When you work remotely, a few misplaced words can become an occupational hazard. Without the context of face-to-face cues and body language, every message, sentence, word, and punctuation mark becomes loaded with meaning. Opting for a period over an exclamation mark can be the difference between coming across as helpful or passive aggressive.
Use of caps lock, emojis, italics and tildes (~) to make your language flowery, fun and human is a great idea for remote working. You can also use memes and gif images, provided they are not offensive to anyone.
Robot speak is not a good way to freely collaborate with your remote peers. Use simple words, and keep it on the casual side, skipping the inaccessible and stilted language. You can also opt for contractions like writing isn’t instead of is not.
Do not obscure your message by words that are there to decorate the sentence and make it sound wordy while camouflaging what you mean.
Make good use of qualifiers ("I think, In my opinion") while not coming across as a perpetually confused person. Don’t use qualifiers while making a strong point.
While writing documentation, it is prudent to avoid jargon and acronyms.
Use complete words and sentences. Shortcuts and acronyms block any actual communication, acting as roadblocks. On the same lines, avoid cliches, idioms and any idiotic sounding phrase that catches the ear well but doesn’t really do any good to anyone.
Remote working is often on a global scale, and certain expressions will not be understood by some participants, or worse, will be misunderstood.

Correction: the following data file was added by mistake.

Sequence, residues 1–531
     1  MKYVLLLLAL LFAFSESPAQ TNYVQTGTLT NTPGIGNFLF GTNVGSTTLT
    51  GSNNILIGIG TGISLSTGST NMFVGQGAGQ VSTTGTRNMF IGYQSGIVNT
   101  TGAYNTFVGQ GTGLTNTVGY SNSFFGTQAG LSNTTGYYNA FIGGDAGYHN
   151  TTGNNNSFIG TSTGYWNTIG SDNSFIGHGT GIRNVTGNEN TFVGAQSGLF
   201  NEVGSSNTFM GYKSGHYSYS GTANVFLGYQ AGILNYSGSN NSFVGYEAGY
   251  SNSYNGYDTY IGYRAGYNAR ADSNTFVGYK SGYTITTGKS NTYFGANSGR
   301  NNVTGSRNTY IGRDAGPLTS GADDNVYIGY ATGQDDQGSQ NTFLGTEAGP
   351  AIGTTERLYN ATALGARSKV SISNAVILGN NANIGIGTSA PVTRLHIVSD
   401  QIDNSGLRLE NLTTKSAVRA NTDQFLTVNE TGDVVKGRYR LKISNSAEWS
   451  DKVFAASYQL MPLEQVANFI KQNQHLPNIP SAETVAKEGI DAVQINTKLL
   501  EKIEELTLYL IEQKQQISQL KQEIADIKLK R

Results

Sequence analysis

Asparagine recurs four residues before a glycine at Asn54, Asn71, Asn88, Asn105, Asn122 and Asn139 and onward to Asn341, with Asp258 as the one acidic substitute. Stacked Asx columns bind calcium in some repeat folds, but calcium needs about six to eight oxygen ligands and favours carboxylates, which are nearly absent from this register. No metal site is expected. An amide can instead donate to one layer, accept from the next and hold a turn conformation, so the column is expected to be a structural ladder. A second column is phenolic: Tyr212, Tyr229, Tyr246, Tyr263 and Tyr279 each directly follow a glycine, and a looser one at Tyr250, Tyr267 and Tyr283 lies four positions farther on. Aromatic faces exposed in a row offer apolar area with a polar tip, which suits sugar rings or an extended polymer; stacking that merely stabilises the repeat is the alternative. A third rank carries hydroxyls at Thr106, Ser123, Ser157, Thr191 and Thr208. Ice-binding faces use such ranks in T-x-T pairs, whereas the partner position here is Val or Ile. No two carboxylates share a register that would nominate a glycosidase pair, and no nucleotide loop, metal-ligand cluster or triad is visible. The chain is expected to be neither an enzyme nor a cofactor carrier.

Your words and tone should be tailored according to your audience. The words are different when you are writing to a client, and when you are in a small group chat with your peers. More people in chat also means adopting a polished, professional tone.
If we aren’t talking about the important stuff from the word go, people stop paying attention, usually in about 10 seconds.
Newspaper headline stories follow the ‘inverted pyramid’ technique where the most critical information is on the first paragraph. One can organize an article or product interface in such a way that if the reader only reads the first few sentences, the crucial information is still communicated.
The simplest tool for immediately transforming the quality of your life Posted by: Tony Robbins "Language shapes our behavior and each word we use is imbued with multitudes of personal meaning. The right words spoken in the right way can bring us love, money and respect, while the wrong words-or even the right words spoken in the wrong way - can lead to a country to war.